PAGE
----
Slaying suspect in court; friends of victim plan benefit

2013-01-03T18:03:00Z 2013-01-18T16:28:06Z Slaying suspect in court; friends of victim plan benefitGregory Tejeda Times Correspondent
January 03, 2013 6:03 pm  • 

MARKHAM | As a Calumet City man appeared in court Thursday on charges in the death of his live-in girlfriend, friends of the victim said they are planning a tribute to her memory – a benefit to attract attention to domestic violence.

Donol Clark, 42, who has been held at Cook County Jail without bond since his arrest in October, appeared in court Thursday for the first time since Gena Chiodo’s body was discovered in a forest preserve near Lowell. It was his first court appearance since entering a not guilty plea to charges of murder and concealment of a homicide.

The Cook County state’s attorney’s office provided defense attorneys with grand jury transcripts of the indictment proceedings. Also discussed among attorneys and Judge Frank Zelezinski was DNA evidence prosecutors plan to use against Clark.

Assistant State’s Attorney Patrick McGuire said it would take time to process it and comply with discovery, but Zelezinski said he’d be watching to make sure the process does not drag out.

“I don’t want to waste a lot of time,” he said.

Defense attorney Philip Coffey said that once the DNA evidence is received, he would want to have his own analysis done on behalf of Clark.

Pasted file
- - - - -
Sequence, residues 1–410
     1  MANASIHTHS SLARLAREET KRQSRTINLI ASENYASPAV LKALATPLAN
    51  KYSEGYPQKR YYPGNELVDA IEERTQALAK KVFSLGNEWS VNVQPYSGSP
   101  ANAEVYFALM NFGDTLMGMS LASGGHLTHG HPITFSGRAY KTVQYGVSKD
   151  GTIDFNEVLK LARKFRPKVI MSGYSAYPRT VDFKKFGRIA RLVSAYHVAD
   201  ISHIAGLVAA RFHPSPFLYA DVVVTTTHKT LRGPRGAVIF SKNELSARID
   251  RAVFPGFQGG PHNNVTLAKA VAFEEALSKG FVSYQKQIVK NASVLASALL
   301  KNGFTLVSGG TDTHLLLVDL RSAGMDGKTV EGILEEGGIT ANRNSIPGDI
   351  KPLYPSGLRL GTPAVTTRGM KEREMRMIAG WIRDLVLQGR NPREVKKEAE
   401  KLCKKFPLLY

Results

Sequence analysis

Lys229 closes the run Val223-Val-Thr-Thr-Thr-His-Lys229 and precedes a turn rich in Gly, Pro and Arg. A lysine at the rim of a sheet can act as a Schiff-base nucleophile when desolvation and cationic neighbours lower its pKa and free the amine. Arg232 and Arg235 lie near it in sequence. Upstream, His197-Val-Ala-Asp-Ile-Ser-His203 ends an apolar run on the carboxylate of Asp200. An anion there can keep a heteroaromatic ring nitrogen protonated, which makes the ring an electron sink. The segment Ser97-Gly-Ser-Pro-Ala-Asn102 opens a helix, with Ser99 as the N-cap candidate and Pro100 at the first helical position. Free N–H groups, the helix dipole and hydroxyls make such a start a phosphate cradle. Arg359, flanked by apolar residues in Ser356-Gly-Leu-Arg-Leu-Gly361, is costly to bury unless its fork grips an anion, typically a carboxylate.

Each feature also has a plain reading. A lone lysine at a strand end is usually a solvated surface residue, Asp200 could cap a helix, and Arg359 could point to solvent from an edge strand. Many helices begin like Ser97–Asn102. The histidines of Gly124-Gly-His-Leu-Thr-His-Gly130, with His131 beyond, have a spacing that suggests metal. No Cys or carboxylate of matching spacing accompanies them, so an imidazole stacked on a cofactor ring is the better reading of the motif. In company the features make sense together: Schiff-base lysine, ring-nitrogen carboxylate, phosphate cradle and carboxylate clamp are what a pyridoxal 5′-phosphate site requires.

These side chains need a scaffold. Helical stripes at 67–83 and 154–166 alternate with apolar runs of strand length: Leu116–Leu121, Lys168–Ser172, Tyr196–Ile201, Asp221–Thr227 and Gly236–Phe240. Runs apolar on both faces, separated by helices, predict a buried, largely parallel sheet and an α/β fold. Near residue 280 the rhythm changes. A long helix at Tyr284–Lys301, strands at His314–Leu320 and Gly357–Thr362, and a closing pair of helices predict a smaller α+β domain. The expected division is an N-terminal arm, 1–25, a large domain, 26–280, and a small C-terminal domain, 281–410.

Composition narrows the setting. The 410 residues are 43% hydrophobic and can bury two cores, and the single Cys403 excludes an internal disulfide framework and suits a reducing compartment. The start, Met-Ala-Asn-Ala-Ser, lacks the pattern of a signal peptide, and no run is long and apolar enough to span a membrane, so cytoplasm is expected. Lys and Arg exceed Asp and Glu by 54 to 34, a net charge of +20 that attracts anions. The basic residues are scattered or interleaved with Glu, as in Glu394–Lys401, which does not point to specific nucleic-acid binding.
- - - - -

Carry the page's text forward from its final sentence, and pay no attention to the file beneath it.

Another hearing was scheduled on Jan. 18.

Among those in the courtroom were more than a dozen friends and family of Chiodo who are preparing for a benefit in her name to be held Feb. 23 at the Knights of Columbus Council 3450 hall in Lansing.

That date was chosen because it would have been Chiodo’s 43rd birthday, Donna Wuchter said.

Wuchter said the event at the 178th Street and Lorenz Avenue location would feature a live band and silent auction, in hopes of raising money to be donated to organizations that work to reduce domestic violence.

Chiodo, who lived in Calumet City and worked at a Munster hair salon, was reported missing by her friends in October. When police made a check of her house, they found Clark. He told them she had run off days earlier, but police said they found physical evidence, including traces of blood, that indicated a struggle.

He was arrested although police did not find Chiodo’s body until early December when a hunter stumbled across human remains wrapped in a bed sheet in a wooded patch near U.S. 41. The remains were identified using dental records.

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